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Kennedy Players Perform Rodgers & Hammerstein’s Cinderella: By Hannah Langley ‘17

Cinderella-2I have been in Kennedy’s theater program for three years now, and I must say that this year was an extremely challenging, yet truly rewarding experience. There were some good times, there were some bad times and there were a lot of stressful times. However, we all came together – cast, crew, costumes, orchestra – to put on a successful Cinderella.

The show was double cast this year, which proved to be somewhat difficult at times. However, it also made rehearsals more enjoyable since there were more people to share the experience with. Also, as one of the leads, it was entertaining to watch the other cast perform and to see my character portrayed on stage by someone else. The show brought many of us together, created many friendships, and made everyone grow a lot closer. This was especially true for the girls who joined the musical from Good Counsel Academy. Monica McStay, who played Madame on the Thursday and Saturday shows, said that switching schools her senior year was hard, but she is glad that she did the show at Kennedy. She said, “Joining the drama club introduced me to so many friendly and talented people. I am grateful for the experience and the friends I have made!”

As many of the cast members can attest to, the show was not always fun and games. It was actually extremely stressful most of the time, and we all had to work hard to put on a show we could be proud of. Monica Gayanelo, who played Marie (the fairy godmother) on Friday, Saturday, and Sunday, stated, “This show taught me that anything really is possible. Making dreams come true with the wave of a magic wand taught me… any dream can become a reality with a little faith in yourself.” I think this show really did teach us all that when we work together, we can make anything happen.

“Hearing the news… was very difficult for our cast, but it was really beautiful to see everyone come together, be there for each other, and remember her like they did.”

Cinderella-1This year’s show was more than just a performance. It was a tribute. Sister Barbara passed away on the same day as our Friday performance. Hearing the news after the show as a community was tragic. Everyone in that auditorium felt the heartbreak and loss. The Saturday and Sunday shows were in tribute to her, being as she dedicated so much of her life to all of us, especially last year in The Sound of Music. As hard as the news was, it brought us all closer together and created an inseparable bond among everyone involved in the show. Genny Glembotzky, who not only performed in a number of roles but also filled the responsibility of assistant director, gave a remark regarding Sister Barbara’s passing, “Hearing the news… was very difficult for our cast, but it was really beautiful to see everyone come together, be there for each other, and remember her like they did.” As Genny said, we all came together to remember Sister Barbara as the amazing woman she was and to honor the amazing legacy she has set for our community. We all know that she was with us during the shows, watching from the best seat in the house.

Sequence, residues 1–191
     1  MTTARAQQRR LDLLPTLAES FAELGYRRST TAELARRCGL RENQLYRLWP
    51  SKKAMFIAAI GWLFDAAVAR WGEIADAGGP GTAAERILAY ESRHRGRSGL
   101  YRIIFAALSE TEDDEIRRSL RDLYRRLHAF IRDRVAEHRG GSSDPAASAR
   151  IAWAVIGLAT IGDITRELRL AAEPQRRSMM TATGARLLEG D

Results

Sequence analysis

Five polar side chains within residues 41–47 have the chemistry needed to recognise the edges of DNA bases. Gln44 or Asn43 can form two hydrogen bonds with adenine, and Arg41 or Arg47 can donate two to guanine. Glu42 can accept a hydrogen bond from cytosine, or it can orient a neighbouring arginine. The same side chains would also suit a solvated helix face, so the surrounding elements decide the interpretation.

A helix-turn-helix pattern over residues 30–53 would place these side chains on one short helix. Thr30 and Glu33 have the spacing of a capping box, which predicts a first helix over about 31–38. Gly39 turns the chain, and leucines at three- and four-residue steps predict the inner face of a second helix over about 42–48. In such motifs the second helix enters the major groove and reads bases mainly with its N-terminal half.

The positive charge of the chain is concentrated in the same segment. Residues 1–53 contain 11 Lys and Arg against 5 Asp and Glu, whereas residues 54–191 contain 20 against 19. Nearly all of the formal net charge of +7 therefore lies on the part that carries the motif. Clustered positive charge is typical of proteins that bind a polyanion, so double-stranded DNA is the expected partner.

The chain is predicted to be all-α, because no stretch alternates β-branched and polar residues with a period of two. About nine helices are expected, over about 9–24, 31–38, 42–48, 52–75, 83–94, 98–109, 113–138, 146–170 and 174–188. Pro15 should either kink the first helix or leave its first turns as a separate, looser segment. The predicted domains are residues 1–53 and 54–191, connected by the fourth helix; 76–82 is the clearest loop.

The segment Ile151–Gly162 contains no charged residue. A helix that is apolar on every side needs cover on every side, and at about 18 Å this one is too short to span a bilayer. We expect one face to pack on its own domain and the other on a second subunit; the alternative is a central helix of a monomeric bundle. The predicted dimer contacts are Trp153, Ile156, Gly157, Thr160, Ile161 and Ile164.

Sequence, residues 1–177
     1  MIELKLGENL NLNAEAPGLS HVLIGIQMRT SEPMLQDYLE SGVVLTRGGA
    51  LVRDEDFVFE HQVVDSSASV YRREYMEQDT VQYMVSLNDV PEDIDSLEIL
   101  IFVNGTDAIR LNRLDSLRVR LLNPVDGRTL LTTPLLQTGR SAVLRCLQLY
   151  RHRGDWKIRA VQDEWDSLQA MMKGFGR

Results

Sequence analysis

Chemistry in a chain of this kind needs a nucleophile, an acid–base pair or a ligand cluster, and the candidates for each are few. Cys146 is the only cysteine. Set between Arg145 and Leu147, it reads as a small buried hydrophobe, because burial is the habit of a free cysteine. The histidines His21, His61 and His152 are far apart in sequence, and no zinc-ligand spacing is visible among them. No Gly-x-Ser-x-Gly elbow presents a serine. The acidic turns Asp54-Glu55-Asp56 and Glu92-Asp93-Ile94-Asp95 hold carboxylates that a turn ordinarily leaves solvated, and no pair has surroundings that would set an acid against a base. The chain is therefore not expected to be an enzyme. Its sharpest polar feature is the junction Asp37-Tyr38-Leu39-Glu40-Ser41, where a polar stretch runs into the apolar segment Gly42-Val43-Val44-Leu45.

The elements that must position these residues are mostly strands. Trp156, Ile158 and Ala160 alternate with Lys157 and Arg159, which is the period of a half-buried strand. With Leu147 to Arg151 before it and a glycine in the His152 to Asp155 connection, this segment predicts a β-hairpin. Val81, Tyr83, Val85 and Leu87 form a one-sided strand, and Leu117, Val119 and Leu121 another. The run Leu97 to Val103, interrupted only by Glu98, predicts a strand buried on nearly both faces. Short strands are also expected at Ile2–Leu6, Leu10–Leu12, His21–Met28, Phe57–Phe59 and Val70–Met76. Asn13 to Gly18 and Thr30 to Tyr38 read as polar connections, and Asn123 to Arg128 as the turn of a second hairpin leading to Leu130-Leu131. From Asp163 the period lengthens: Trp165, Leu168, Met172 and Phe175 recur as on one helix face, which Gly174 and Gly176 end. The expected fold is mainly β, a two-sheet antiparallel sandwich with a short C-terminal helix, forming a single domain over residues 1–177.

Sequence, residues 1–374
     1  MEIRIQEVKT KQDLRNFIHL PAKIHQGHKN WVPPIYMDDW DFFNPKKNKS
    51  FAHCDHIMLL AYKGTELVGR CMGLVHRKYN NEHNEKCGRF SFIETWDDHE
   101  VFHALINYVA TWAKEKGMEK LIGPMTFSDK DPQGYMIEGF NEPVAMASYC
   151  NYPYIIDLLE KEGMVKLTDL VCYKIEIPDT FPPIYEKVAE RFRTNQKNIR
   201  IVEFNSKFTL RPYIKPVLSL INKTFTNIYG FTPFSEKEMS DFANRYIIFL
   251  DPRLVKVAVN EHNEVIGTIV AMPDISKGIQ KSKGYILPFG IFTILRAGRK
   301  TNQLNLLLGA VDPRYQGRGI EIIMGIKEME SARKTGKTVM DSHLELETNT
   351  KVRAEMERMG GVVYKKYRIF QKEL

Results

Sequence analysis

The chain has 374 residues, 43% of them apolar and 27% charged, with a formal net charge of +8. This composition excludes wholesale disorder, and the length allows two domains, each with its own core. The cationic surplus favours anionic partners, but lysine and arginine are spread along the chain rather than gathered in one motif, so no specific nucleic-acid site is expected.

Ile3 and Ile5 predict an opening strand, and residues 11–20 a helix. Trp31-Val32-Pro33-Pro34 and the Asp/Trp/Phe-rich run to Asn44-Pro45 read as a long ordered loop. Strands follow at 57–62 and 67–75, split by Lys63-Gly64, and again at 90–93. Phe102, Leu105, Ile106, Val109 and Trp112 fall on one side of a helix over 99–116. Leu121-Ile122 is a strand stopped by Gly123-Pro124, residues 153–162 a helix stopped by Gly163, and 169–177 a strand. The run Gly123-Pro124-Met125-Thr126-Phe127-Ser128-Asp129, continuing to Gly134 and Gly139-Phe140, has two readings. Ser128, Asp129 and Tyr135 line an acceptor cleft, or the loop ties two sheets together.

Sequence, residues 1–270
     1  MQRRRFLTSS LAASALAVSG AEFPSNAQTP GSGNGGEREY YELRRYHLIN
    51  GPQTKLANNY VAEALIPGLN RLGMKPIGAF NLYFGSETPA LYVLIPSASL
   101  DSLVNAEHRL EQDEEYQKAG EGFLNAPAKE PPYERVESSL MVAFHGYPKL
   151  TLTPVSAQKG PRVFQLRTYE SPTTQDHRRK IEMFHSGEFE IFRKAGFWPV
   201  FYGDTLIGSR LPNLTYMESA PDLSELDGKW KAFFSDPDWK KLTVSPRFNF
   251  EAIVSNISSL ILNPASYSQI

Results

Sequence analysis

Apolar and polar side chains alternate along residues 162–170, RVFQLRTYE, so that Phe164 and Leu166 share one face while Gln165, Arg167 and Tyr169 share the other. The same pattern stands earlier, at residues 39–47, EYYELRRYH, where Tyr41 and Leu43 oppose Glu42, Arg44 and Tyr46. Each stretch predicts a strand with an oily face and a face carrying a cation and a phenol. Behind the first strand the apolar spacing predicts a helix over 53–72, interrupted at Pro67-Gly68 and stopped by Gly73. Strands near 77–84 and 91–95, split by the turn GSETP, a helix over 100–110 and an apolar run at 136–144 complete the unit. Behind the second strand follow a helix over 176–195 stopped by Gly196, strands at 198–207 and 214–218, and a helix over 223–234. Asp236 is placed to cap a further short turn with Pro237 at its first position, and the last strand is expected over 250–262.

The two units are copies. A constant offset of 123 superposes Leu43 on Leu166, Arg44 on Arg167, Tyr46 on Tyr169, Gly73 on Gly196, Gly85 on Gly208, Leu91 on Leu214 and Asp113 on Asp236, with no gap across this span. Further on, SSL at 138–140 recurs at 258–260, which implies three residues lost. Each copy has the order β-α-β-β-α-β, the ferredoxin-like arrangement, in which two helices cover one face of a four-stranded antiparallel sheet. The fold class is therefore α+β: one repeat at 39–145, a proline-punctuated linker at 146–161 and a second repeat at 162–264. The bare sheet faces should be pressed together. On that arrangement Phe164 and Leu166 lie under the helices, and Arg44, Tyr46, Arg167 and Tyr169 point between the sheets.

Cinderella-3I would not have traded my Cinderella experience for anything else. I have made friendships and bonds with so many people that I hope to never lose. Performing as Charlotte, the annoying, mean stepsister (on Thursday and Saturday nights) was a lot of fun, and gave me the freedom to be someone completely different from myself. As a quick remark, I want to thank my cast – Kelsey Baron, Joe Gullotta, Jillian Flynn, Monica McStay, Dominic Basilone, Dylan Berry and Rose Grosskopf – for being absolutely amazing and for making me feel so comfortable performing on stage with all of you. I also want to give a shout out to the other cast – Kayla Campise, Nicholas DiGrandi, Amanda Astrologo, Meghan Reilly, Monica Gayanelo, and Caroline King. Rehearsals with everyone were so much fun, and I’m so glad we all became such good friends. I’ll never forget this experience and the good times we enjoyed (when we weren’t suffering from illness or stressing out). We will all miss the seniors from this year, but we know that they will go on to do even greater things.

Just when the show seemed “impossible,” we pushed on, and in the end, it was a success. The show took a lot of hard work, dedication, and perseverance from all, but it was all worth it. I am proud to say I was a part of Cinderella. Hopefully, the audience had “a lovely night” at our performances.